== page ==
Long-tailed Ground-roller represents an entire genus endemic to a small part of south-western Madagascar and recalls a Roadrunner.(Photo by Ian Merrill)

Long-tailed Ground-roller represents an entire genus endemic to a small part of south-western Madagascar and recalls a


These countries are surprisingly poorly known but mega-rich bird-wise, also with tons of African megafauna. South-central Africa has a great many endemic birds but very few of them are restricted to any one country. Zambia is the single best country for finding the greatest number of these species, but picturesque Malawi, as well as Mozambique and Zimbabwe, are also great places for these birds. Zambia is also the second most famous country for Shoebill (after Uganda). African Pitta, another of Africa’s most desirable birds, is best sought on its breeding ground in the Zambezi River catchment of Zambia, Malawi, Zimbabwe or Mozambique.


The Central African Republic, where Sangha Lodge has recently opened up Central Africa to birders (and Lowland Gorilla seekers) simply must be on your bucket list. Previously, absolutely vast tracts of central Africa were inaccessible, but now this new lodge provides a safe (but fairly expensive) realistic option. Since Central Africa was almost un-birded until recently, it is not surprising that exciting avian discoveries are being made here at a rapid pace – for example, Picathartes, African Piculet and other classically West African species are being found here hundreds of miles further east than expected. Who knows, you might be part of a group discovering a bird new to science, if you choose to visit a place like this. Odzala Camp in the DRC is another amazing option to consider.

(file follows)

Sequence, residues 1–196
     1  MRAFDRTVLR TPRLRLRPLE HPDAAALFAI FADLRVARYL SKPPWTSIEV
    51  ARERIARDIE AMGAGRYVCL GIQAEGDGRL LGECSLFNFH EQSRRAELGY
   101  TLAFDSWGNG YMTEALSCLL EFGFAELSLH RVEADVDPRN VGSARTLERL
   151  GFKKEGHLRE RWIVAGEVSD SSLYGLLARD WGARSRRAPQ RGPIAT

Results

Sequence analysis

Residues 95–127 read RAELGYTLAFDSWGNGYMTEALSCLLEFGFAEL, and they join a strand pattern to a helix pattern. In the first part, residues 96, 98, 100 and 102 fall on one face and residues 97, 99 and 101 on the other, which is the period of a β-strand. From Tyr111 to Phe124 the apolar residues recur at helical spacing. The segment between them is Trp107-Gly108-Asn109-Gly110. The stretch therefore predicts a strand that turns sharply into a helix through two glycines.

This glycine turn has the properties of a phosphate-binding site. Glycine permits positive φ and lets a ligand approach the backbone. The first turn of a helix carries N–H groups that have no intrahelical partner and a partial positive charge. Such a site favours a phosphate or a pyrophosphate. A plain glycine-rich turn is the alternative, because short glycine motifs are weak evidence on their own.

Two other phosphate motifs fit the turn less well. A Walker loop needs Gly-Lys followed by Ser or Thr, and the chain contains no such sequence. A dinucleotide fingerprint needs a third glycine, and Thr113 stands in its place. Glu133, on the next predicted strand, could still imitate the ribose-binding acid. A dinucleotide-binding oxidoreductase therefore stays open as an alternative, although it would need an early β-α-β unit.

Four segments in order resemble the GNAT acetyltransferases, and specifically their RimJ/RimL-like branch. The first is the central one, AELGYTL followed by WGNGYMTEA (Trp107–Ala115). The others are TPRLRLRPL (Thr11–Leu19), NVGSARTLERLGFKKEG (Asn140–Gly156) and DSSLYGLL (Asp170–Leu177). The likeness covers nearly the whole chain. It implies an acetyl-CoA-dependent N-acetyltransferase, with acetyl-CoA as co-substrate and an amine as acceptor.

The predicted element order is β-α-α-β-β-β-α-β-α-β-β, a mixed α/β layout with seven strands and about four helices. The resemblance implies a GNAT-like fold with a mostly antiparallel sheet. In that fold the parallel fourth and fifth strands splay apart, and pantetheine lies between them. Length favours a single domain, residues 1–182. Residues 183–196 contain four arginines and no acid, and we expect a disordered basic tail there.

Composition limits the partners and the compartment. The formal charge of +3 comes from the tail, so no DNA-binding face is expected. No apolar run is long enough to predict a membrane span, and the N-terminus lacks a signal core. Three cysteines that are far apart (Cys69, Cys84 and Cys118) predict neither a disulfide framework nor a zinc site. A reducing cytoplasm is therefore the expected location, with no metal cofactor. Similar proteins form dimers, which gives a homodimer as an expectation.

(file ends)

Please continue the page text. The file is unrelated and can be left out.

Tenth is cleaning up on the rest, and this might take you months and years! For example, Angola has many spectacular endemics especially around the beautiful Gabela Mountains. Sierra Leone is well worth doing to find the handful of Upper Guinea Forest endemics that lurk there and not in Ghana. You’ll need to do Kenya for a few endemics and for some of Africa’s famous sites.

While this rounds out our starter list of the top ten places to visit, there is just so much more. One thing is guaranteed – no visit to Africa will go unrewarded. Prepare for the trip of your life!